Fire preparation should be simple

Published 7:57 pm Friday, October 8, 2010

According to the National Fire Protection Association, there were 1,348,500 fires reported in the United States in 2009.

The good news is that equals 7 percent fewer fires than in 2008.

The catastrophic news is that 3,010 civilians lost their lives in these fires, and 17,050 civilians were injured. Furthermore, 82 firefighters lost their lives protecting the public. Each death cut short a human life and left family and friends grieving. Each injury changed a life, whether only for a few days or for the rest of their life.

The human toll is only part of what the association deems the “U.S. Fire Problem.” In 2009, fires caused $12.5 billion in property damage. There is likely no telling how many taxpayer dollars were spent fighting the blazes.

While any loss of life is far more important than the spent money or lost property, many of these deaths, injuries, lost property and lost money were likely preventable. In many cases, perhaps, even the fires that led to them could have been avoided with healthy doses of education and caution.

That’s the purpose for the annual National Fire Prevention Week, a publicity effort undertaken by the association and promoted by fire departments and other organizations across the country. This year’s theme — “Smoke Alarms: A sound we can live with” — promotes one of the simplest and most effective tools available to help prevent injuries and deaths from structure fires. An escape plan also can help save lives when employed properly.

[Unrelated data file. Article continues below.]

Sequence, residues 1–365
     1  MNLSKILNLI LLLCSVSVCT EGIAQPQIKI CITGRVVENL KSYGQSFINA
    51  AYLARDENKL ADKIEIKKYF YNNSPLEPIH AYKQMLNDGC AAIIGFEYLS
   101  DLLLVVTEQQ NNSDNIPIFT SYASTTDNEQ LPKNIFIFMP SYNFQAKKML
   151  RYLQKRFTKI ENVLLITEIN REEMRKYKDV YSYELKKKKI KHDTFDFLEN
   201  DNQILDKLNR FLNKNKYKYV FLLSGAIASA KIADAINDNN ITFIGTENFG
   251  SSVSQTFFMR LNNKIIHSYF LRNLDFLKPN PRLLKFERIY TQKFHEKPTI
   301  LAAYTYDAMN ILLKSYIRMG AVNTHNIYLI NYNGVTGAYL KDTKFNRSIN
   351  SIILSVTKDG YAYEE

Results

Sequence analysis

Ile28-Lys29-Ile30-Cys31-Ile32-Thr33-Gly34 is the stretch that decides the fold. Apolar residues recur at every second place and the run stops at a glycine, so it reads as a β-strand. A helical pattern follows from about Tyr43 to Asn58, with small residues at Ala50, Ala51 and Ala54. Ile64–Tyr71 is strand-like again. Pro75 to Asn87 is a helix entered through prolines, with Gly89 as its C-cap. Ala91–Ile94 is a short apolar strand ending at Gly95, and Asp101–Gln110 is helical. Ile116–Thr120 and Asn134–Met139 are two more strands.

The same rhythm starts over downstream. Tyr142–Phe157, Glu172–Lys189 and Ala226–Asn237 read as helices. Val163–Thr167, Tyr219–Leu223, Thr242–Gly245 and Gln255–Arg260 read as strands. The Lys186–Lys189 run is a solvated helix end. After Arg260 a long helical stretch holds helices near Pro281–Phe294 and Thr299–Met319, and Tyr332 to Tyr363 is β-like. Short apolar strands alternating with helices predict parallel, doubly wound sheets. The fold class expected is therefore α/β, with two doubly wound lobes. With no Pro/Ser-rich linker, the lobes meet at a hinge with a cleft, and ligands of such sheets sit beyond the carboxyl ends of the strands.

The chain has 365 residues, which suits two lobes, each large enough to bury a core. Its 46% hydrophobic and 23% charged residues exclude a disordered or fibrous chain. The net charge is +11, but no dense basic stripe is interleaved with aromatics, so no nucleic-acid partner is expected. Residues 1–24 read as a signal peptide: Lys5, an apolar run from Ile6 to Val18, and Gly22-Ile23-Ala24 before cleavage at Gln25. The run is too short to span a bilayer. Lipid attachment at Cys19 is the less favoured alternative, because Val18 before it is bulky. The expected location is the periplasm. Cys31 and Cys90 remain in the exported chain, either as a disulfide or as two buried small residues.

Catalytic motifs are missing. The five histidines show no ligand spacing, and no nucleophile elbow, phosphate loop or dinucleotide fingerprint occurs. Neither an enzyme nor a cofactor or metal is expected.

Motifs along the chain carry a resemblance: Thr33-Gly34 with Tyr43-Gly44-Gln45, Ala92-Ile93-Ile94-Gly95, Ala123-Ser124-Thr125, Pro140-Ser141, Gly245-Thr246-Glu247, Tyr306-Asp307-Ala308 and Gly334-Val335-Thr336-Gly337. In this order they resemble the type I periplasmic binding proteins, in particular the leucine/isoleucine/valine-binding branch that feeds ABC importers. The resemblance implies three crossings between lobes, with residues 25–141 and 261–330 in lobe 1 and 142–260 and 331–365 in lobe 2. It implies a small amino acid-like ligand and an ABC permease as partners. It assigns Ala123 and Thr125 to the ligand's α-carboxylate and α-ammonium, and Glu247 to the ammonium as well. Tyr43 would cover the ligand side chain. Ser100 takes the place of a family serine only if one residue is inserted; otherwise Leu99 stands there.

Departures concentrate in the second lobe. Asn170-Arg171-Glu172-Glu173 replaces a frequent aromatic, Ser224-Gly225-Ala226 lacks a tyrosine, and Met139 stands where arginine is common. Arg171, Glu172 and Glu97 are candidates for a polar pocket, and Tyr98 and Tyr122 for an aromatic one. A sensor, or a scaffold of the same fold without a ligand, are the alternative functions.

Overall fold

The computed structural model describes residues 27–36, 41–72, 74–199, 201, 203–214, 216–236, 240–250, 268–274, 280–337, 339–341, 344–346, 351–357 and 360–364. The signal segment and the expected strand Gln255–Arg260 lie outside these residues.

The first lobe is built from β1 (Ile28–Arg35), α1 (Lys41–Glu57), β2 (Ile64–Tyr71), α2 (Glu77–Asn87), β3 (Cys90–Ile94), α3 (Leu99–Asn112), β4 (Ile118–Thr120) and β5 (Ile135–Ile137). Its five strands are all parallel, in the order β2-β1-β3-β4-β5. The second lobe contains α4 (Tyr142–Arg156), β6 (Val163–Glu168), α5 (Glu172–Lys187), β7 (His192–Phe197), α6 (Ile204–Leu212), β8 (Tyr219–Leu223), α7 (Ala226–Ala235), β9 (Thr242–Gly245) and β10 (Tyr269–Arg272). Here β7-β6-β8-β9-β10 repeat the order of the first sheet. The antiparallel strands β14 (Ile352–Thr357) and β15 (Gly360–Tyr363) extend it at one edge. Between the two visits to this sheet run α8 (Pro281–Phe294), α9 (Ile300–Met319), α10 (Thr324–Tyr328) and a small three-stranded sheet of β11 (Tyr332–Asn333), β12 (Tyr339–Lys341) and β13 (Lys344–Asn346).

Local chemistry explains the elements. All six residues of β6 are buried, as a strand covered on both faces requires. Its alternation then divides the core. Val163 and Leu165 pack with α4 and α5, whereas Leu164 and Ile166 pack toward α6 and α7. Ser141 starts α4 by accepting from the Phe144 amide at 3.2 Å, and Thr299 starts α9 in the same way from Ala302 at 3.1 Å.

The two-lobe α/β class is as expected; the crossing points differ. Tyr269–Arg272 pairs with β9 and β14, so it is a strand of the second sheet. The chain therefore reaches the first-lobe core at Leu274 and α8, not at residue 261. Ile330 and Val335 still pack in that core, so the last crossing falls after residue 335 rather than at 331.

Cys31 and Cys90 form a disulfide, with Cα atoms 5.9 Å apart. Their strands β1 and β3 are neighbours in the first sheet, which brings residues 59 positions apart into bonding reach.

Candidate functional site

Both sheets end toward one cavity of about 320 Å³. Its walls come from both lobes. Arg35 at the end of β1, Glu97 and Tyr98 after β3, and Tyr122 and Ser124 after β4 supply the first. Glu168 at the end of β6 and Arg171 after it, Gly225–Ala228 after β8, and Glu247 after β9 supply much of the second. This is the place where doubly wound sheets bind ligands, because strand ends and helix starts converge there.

In the News-Herald this week, we have worked with the Suffolk fire marshal’s office to bring you information you can use to prevent fires and learn how to escape in case of a fire. If you missed any of it, visit to learn more. There’s simply no excuse for not being properly prepared — especially when the preparation is so simple, and the lives it will save are those closest to you.